Around the world, people associate colors with emotions. Now a massive new study shows that colors and the emotions that people link them to are similar across the globe.
As the authors write, “Many of us ‘see red,’ ‘feel blue,’ or ‘turn green with envy.’ Are such color-emotion associations fundamental to our shared cognitive architecture, or are they cultural creations learned through our languages and traditions?”
To find out, they surveyed about 4,600 people from 30 countries across six continents.
“No similar study of this scope has ever been carried out,” said Dr. Daniel Oberfeld-Twistel, member of the participating team at Johannes Gutenberg University Mainz (JGU). “It allowed us to obtain a comprehensive overview and establish that color-emotion associations are surprisingly similar around the world,” he said.
Red has good and bad connotations, and brown is bland
The study, published earlier this week in the journal Psychological Science, asked participants to assign up to 20 emotions to twelve different colors. The survey also asked them to specify how intensely they associate a certain color with a certain emotion.
The researchers found a significant global consensus. For example, red is the only color that people strongly associate with both a positive feeling (love) and a negative one (anger).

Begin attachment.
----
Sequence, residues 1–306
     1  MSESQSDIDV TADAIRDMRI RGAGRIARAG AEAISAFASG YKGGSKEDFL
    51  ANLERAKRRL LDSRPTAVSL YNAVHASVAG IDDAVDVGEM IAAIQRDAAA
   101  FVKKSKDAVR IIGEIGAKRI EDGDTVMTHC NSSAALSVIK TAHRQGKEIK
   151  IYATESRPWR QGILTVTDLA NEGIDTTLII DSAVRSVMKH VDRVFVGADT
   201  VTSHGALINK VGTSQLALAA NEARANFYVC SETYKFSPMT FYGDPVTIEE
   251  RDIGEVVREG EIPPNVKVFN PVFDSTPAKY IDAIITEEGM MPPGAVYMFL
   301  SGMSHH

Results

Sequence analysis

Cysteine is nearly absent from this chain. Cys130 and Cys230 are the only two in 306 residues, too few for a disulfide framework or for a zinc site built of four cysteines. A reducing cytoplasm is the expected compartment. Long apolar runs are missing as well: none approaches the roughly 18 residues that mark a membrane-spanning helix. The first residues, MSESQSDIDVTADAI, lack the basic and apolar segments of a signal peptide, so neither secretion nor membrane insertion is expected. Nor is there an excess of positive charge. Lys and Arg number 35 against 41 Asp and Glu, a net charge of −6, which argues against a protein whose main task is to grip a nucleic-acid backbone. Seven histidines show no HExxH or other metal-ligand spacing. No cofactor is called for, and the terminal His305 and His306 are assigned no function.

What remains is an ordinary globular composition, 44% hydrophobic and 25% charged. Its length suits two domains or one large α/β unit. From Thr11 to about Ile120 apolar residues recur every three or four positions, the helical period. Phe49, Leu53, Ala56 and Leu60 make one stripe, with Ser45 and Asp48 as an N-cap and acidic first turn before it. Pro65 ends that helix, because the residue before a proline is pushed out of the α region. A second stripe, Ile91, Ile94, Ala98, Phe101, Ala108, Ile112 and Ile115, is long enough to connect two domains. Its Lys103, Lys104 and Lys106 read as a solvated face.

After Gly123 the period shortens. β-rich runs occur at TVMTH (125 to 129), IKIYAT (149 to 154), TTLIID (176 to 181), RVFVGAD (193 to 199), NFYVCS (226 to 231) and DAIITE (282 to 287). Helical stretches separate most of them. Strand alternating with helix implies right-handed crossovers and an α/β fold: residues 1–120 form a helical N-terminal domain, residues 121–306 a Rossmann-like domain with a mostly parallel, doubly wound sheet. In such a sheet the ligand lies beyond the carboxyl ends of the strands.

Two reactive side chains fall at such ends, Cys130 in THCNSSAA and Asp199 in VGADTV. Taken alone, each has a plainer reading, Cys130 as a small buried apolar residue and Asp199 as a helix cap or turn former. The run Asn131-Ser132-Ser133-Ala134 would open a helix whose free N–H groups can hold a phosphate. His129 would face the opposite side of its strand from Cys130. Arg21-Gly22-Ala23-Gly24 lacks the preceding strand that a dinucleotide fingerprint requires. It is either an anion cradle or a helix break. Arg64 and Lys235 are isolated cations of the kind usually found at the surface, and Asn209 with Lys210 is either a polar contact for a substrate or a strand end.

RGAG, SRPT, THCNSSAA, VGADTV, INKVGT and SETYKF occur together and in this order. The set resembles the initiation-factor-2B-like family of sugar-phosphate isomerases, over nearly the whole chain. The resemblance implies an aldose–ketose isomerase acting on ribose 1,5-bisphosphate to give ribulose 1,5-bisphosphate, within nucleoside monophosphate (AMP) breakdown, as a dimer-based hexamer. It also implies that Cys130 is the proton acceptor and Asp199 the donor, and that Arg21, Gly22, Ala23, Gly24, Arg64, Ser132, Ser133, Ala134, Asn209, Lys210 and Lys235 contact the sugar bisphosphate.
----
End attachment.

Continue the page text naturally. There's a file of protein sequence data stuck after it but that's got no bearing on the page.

And around the world, the color that triggers the least emotions is brown.
Sadness: white or purple?
Regional differences also emerged. The color white, for example, is much more closely associated with sadness in China than it is in other countries. This also applies to the color purple in Greece.
“This may be because in China, white clothing is worn at funerals. And the color dark purple is used in the Greek Orthodox Church during periods of mourning,” said Oberfeld-Twistel.
In addition to such cultural idiosyncrasies, the local climate may also play a role. Previous studies have found that yellow tends to be more closely associated with joy in countries that see less sunshine, while the association is weaker in areas that have more sunshine. “Yellow is more joyful in colder and rainier countries,” as the authors put it.
Many fundamental questions about the mechanisms behind these color-emotion associations have yet to be clarified. But by using a self-learning AI system developed by Oberfeld-Twistel, scientists have already discovered that the similarities are greater when nations are linguistically or geographically close.
“The world is with you”
“Given our current knowledge,” the authors conclude, “we suggest that color-emotion associations represent a human psychological universal that likely contributes to shared communication and comprehension.”
“Thus, the next time you feel blue or see red,” they write, “know that the world is with you.”
Study: “Universal patterns in color-emotion associations are further shaped by linguistic and geographic proximity”
Authors: D. Jonauskaite et al.
Published in: Psychological Science
Publication date: September 8, 2020
Photo: by Senjuti Kundu via Unsplash
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